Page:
February 2020 • Volume 108 • Number 2 • Page 8
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Best Intentions or Best Practices?
The ISBA continues to support IRPC 5.4(a) and prohibiting fee sharing with nonlawyers.
The Illinois Rules of Professional Conduct (IRPC) have, for a considerable period of time, mandated a clear ethical prohibition of nonlawyer fee sharing (IRPC 5.4(a)). This Rule has come under attack by some well-intentioned academics, lawyers, and a few organized bar groups who claim to have a better plan. But reasons for opposing IRPC 5.4(a) do not stand up to scrutiny; the ISBA continues to strongly advocate against repealing the Rule.
The Illinois Supreme Court has indicated that fee sharing with nonlawyers violates public policy. The Court’s rationale has always been that it is against the public’s interest for nonlawyers to control cases and provide legal services. Nonlawyer fee sharing promotes specious solicitation, the unauthorized practice of law, and compromises both the public’s interest and the professionalism of lawyers.
Other professions may dabble in fee sharing and debate whether it provides a public benefit, but no advantageous case has been made for consumers of legal services (in professions such as medicine, fee sharing also tends to be strongly discouraged, if not prohibited, by many states and other regulatory bodies.)
Setting the bright line
The most well-intentioned case for fee sharing with nonlawyers is that such an arrangement could help to connect more consumers with lawyers. A number of for-profit referral services exist today and the ISBA does not particularly oppose these for-profit companies, as long as they operate within very limited bounds. It is our position that the danger arises when these service providers want to become fee-sharing partners and begin to assert an expectation of authority that comes with that relationship.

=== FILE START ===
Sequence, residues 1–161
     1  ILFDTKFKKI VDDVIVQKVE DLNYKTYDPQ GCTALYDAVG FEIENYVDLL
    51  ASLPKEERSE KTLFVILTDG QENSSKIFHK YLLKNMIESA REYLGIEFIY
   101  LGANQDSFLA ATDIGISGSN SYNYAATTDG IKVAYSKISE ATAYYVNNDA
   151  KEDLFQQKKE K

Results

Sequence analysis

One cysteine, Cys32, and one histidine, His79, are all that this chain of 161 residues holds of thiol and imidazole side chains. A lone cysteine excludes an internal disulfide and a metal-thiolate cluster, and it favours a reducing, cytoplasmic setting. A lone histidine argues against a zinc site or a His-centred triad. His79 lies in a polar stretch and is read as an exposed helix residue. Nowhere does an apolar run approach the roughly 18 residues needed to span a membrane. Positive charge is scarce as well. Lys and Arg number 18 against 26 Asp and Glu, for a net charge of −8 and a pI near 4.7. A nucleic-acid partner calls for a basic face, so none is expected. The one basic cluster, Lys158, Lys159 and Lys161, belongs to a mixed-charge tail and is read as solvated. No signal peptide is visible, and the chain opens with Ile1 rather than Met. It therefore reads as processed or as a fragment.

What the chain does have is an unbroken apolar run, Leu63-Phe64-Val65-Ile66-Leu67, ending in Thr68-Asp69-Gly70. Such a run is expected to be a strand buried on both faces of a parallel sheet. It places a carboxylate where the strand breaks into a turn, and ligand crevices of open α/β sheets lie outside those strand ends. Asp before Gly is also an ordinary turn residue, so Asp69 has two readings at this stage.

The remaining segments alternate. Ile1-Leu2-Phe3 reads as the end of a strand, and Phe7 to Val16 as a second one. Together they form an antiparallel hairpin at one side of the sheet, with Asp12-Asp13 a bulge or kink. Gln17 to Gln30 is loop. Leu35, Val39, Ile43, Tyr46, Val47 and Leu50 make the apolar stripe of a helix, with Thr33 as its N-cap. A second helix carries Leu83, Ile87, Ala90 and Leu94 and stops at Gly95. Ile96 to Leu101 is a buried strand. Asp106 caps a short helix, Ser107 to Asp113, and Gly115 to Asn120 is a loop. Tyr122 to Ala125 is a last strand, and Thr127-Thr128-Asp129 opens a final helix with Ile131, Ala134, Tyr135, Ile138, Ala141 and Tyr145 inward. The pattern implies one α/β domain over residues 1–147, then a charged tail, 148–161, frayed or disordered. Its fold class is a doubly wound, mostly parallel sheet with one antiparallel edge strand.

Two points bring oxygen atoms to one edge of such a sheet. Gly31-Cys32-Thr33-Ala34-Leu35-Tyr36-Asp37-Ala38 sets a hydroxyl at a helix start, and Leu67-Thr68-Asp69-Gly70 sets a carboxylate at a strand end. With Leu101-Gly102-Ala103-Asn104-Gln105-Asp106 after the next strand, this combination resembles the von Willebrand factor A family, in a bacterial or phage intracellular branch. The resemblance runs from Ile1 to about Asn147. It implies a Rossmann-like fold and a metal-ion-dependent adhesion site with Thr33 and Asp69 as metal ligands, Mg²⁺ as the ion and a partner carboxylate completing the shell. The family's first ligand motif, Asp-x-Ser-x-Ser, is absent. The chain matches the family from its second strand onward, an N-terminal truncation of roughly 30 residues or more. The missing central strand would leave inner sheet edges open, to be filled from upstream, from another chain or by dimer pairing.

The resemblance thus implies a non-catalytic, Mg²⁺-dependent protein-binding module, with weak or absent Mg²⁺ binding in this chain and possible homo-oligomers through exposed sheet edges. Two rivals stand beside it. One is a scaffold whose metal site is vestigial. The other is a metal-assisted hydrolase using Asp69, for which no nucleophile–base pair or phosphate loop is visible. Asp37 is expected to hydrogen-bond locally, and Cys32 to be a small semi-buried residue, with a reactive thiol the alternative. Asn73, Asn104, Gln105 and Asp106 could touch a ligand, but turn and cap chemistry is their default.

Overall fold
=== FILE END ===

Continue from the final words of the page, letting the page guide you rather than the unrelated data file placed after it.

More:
Why is this bright line not to be crossed? The answer is quite simple: Protection of the public, protection of the legal profession, and protection of meaningful professional ethics are all at risk when nonlawyers become economic partners in the delivery of legal services. Should private investigators, business solicitors, and consulting doctors have a say in the litigation of personal injury claims? Will economists and marriage counselors be dictating to their lawyer-partners how to settle family dissolution and custody matters? Will title companies, appraisers, and paralegals dictate how to litigate appeals on real estate taxes? All of these are troubling scenarios. For this very reason, at least eight bar associations have published ethical opinions rejecting nonlawyer fee sharing. While it is assumed by some that the entry of nonlawyers into the economics of the practice of law will promote access to justice, there is absolutely no empirical evidence that has been presented and brought forth to show that this is the case. In fact, nonprofit bar associations and other agencies are better equipped to refer clients because, by definition, profit is not a motive.
A healthy legal marketplace
The ISBA promotes a healthy legal marketplace where clear and accurate information can be presented. Rule 5.4(a) has for many years preserved sound professional standards that protect consumers. It is not a hindrance to the profession or the public, but a protection of both. The fact that legal fees must be paid and are to be shared with nonlawyers will likely place a greater emphasis on profit rather than professional conduct.
In the final analysis, any action or repeal that can possibly affect a lawyer’s independent judgment in representing clients is to be certainly and seriously examined—not just for the legal profession, but for the public good. I have faith that the Illinois Supreme Court and other decision makers in the legal community will do all they can to promote access to justice, protect consumers, and shield attorneys from arrangements that may threaten their ability to fully advocate for their clients.